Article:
CSS3 Dropdown Menu

A Mac-like multi-level dropdown menu that I’ve created using border-radius, box-shadow, and text-shadow. It renders perfect on Firefox, Safari and Chrome. The dropdown also works on non-CSS3 compitable browsers such as IE7+, but the rounded corners and shadow will not be rendered…

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Understanding CSS3 and CSS2.1 Border Properties

Even before CSS3 introduced a cornucopia of new border properties, CSS2.1 provided plenty of great functionality, enabling designers to style and enhance borders in many different ways. But now with the many new border properties available with CSS3, much more is possible, including everything from background border images, asymmetrical border radii, border transformations, custom fitting, and much more. While not every browser fully supports all of these new stylistic possibilities, we can practice progressive enhancement to create beautiful, well-styled borders for modern browsers while supporting the dinosaurs with suitable fallback styles…

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Why You Should Deeply Nest Your CSS Selectors

Most developers, even experienced developers, don’t understand the value of deeply nesting CSS selectors. Although writing the same selectors over and over might seem redundant, it’s worth the extra effort. Your code will be better organized, easier to read, and more maintainable…

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Simulate Realism with CSS3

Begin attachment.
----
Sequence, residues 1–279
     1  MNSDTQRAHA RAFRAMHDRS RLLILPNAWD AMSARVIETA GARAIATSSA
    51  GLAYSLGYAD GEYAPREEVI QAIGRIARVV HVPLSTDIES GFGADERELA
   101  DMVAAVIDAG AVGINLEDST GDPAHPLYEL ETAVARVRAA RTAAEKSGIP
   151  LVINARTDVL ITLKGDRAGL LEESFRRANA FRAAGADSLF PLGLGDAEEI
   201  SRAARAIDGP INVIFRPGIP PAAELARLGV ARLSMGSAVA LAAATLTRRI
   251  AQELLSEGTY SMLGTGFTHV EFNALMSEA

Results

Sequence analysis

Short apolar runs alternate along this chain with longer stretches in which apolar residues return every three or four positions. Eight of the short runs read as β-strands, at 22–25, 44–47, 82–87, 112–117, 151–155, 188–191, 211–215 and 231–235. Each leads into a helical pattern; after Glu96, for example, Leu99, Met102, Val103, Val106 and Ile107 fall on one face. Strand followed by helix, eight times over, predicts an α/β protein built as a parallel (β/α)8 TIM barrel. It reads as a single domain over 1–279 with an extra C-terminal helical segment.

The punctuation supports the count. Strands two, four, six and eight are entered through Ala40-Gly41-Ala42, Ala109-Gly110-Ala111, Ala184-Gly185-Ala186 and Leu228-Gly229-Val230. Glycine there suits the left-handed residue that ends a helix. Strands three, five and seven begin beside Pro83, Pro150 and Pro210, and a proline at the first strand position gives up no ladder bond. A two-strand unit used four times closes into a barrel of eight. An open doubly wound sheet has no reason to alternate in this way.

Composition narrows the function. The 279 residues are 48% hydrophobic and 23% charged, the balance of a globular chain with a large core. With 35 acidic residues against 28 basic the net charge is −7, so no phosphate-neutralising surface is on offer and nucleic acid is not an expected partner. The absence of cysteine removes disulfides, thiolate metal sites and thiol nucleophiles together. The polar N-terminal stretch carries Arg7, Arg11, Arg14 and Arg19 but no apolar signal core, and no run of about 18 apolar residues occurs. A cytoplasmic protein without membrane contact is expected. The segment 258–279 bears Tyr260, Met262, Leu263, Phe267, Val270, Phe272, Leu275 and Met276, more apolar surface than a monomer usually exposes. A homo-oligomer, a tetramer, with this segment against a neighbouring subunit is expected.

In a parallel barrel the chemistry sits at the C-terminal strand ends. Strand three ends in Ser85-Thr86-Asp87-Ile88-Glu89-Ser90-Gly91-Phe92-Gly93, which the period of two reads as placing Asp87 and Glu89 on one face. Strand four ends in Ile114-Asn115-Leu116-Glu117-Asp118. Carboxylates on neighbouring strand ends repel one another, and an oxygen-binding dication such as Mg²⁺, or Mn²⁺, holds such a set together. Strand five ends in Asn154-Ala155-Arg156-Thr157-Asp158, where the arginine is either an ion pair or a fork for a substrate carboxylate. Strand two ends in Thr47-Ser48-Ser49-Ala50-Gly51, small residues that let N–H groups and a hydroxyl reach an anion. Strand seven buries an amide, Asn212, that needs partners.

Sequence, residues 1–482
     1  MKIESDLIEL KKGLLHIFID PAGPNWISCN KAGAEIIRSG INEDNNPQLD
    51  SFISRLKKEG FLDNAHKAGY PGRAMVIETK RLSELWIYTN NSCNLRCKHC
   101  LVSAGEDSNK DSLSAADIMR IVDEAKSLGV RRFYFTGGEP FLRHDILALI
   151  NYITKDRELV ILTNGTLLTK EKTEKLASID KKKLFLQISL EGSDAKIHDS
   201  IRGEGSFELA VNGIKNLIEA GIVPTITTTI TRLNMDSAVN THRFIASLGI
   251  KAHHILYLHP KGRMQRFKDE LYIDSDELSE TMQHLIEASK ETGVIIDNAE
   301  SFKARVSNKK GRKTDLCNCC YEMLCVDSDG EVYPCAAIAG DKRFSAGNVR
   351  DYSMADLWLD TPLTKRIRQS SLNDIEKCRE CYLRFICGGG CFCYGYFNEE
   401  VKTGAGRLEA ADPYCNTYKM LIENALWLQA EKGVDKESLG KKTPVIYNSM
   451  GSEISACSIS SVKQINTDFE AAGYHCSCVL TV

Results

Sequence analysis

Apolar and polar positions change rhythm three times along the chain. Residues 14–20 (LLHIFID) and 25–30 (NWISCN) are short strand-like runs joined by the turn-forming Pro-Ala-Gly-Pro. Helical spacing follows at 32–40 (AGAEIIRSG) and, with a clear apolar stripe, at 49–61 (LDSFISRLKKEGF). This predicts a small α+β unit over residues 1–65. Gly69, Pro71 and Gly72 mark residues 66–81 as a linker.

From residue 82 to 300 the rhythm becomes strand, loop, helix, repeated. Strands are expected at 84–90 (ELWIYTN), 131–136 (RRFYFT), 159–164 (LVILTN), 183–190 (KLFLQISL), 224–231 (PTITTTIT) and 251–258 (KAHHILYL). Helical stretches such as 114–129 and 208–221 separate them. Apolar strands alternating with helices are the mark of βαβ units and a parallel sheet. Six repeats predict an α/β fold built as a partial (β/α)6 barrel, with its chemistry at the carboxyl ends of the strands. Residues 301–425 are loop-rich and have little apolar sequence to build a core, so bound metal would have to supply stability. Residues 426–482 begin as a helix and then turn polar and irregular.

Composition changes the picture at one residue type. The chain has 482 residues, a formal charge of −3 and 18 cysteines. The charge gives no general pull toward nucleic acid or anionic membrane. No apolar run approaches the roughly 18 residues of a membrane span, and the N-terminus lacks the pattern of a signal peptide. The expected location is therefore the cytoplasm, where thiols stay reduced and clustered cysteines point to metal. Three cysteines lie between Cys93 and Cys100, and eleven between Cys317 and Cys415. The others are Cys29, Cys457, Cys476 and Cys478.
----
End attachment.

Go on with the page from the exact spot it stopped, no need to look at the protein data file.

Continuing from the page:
CSS3 is here to make our lives easier as web designers and developers. While it’s not something we can always rely on heavily for layout purposes just yet, we can use it to enhance certain aspects of our designs by spending a considerably less amount of time doing so.

However, CSS3 has not been created for the sole purpose of making it easier and quicker to create a website but also so we can create much better sites than we ever could with CSS before. Here are a few examples…

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EZ-CSS: An easy to use, lightweight, CSS framework

ez-css is a different kind of CSS framework. Authors are not bound to a “grid”. Plus, columns and gutters can be of any width.

ez-css works by forcing the final element in the HTML flow to become a block formatting context (using “hasLayout” for Internet Explorer lt 8)…

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CSS3 Examples and Best Practices

The CSS3 trend is getting more and more popular. In fact CSS3 new features open a lot of new possibilities. However, don’t get too excited so soon because it is not fully supported by all browsers yet. But this doesn’t mean you shouldn’t use it at all. So, when should you use CSS3 new features? Well, continue on this post to see some excellent examples…

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CSS Rounded Corners In All Browsers With No Images

In this article we’ll walk through getting rounded corners working in all browsers. Firefox, Safari and Chrome are easy with the border-radius property, but we’ll have to jump through some extra hoops to get it working in IE and Opera.

After only a few compromises, we will have CSS rounded corners working in all browsers, and without using any images…

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The Hidden Power of border-radius

So hopefully after reading – Understanding CSS – Padding, Positioning and CSS3 – you understand the basics of CSS and have been experimenting with other properties. It is important to remember that some properties will allow you to achieve effects that aren’t necessarily stated. In this post we will explore the property border-radius and how it can be used to create circles, semi-cricles and quarter-circles. It also has the potential to produce some terrific designs using just CSS – no images…

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